Flip side of the same coin....

Q:
Hi Jill,

Here’s where I always get stuck.  So many podcasts, so many books, so much of the anti diet message and body positivity  seems to be geared toward the women who keep trying dieting and can’t make it work and let it totally suck up their mind and dictate their self worth.  While I think I share similar roots I feel slightly disconnected here.

I am one of the 5% who make diets work.  I have what is considered the fit, slim toned body.  Of course I’m 58 so I’m not going to be in any magazine ads anytime soon:)  but I get so confused with the messages.  Most of them are to “be fine with what is, to realize the weight you are now is ok.  You are healthy and don’t need to change”  Even your story seems that this was your aha moment when your doctor told you that you should consider that your body was just fine.

I have no trouble accepting my body now,  I don’t berate it very much at all and tend to be somewhat proud of yoga poses etc I can do.  I don’t have a big fear of the mirror-from the neck down :)  

My problem is more that I feel like I am in constant denial.  Obsessing about food and what I will eat next and how many calories.  I have an unbelievable fear of not being thin and that creates an inability to eat whatever I really want when I am hungry.  I am an awesome restrictor and get “attaboys” for myself when I do it.  I think I have peace with my body as it is now but not with my relationship to food.  I feel at this time in my life this belief that my worthiness is based on number on scale or how well I controlled my eating each day seems like such a waste.  It also consumes a lot of my time but although that also seems wasteful it’s scary to think what I will do with this time if I don’t have endless recipes, new diet food alternatives and restaurants to look up :)

Does any of this make sense to you?  Perhaps I am missing the point and should realize all these disorders are cut from the same cloth but somehow as I listen to podcasts on HAES and Intuitive eating it doesn’t always resonate with me as I feel I come from the other side of the spectrum. I am not sick of a diet roller coaster that doesn’t work I’m more sick of the rollercoaster of emotions I am going through.   It actually feels like I feel worse since I’ve started to seek recovery.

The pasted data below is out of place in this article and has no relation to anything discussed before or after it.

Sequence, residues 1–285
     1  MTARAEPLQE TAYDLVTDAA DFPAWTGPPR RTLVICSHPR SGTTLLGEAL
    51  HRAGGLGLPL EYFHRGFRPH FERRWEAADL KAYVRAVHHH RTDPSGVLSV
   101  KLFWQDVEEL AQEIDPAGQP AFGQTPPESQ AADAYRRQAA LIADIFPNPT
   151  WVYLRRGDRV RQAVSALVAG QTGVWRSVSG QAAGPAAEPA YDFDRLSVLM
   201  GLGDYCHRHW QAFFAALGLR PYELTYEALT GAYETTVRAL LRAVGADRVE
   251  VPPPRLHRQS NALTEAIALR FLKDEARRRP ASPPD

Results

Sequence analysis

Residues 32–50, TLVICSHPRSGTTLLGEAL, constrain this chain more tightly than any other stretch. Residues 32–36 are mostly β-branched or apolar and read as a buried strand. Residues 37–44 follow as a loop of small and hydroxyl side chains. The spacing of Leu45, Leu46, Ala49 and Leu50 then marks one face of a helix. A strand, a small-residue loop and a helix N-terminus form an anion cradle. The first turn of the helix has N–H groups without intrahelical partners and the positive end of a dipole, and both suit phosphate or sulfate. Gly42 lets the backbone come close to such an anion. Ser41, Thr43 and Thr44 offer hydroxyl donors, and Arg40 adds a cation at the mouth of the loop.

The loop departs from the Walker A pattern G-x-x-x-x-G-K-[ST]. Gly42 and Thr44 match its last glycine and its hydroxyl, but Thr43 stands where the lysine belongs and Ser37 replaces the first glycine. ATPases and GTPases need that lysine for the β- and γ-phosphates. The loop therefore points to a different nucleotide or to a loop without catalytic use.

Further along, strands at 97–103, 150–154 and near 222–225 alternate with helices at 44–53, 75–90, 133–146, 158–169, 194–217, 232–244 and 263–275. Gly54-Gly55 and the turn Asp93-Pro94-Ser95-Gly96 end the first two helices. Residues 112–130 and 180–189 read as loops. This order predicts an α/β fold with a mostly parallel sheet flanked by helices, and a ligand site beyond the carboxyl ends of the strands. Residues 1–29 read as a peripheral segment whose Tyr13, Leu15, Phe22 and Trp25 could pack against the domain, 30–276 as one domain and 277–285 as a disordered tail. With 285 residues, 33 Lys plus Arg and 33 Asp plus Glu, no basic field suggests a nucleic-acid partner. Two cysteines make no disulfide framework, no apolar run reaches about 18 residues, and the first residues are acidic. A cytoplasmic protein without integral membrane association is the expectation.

It’s like a part of me wants to peak my head out and figure out if there is a much better life beyond this but the other part wants to stay in the rabbit hole I’ve made work for me and is afraid my definition for recovery may be different then others on a different side of the spectrum

I’m afraid if I don’t not process this I’ll either not move forward or if I do I won't be able to do it with an “all in” attitude but more “I told you this wouldn’t work”

Sincerely, 
Thin but still struggling

jill-ffbl-april-2018-0520.jpg

A:
This is an interesting question! Love it!  

The major thing to understand here is that there is NO way you have peace with your body right now if you are struggling with food to this extent. One breeds the other. All of these disorders are cut from the same cloth. We are taught to loathe and control our bodies and in that pursuit we become disordered around food - regardless of size. 

What you are recognizing is that you currently have the safety of a thin body. The societal privilege of knowing that you "fit in" quite well and that others see you a certain way.

You are succeeding at conforming! 
But being safe and being good at conforming does NOT equal peace or happiness or fulfillment.

You are worried about trading thinness for ease and freedom with food and your body. I get it. The choice is to decide what you want MOST. For me the real turning point with food and my body was actually when I decided to stop sacrificing my mental and emotional health, my time and energy, all day every day working to conform and fit in and get external validation.....all the while still living in insecurity and self-consciousness inside.

Make no mistake (sorry to get harsh here) - you are not at peace nor are you accepting of your body. If you were - food would be easy. That's a fact. I get that you can see that your body is pretty good in terms of how it should look and societal norms but I also hear deep insecurity and fear. And as you said - all your worthiness wrapped up in your looks. What if, in a year, for reasons beyond your control -even with all the effort and restriction you DID gain weight? What if, by some other uncontrollable means, your body were altered? What if you AGE? When your worth is based on external approval and "fitting in" vs. belonging you will never truly be at peace, always vulnerable to judgement and criticism. 

You may have to make a trade off but that remains to be seen.
The decision here is whether or not you want true, deep, authentic peace and ease with food and your body. You don't need to know how to get there - that would be crazy! If you knew it, you'd be there already and you wouldn't need help. 

The whole point of my program is work you through these points of resistance and objection and there is a certain amount of info you may need before you can face some of these fears head on. All you need to know is what you MOST WANT.

What is it you MOST WANT?
XO
Jill

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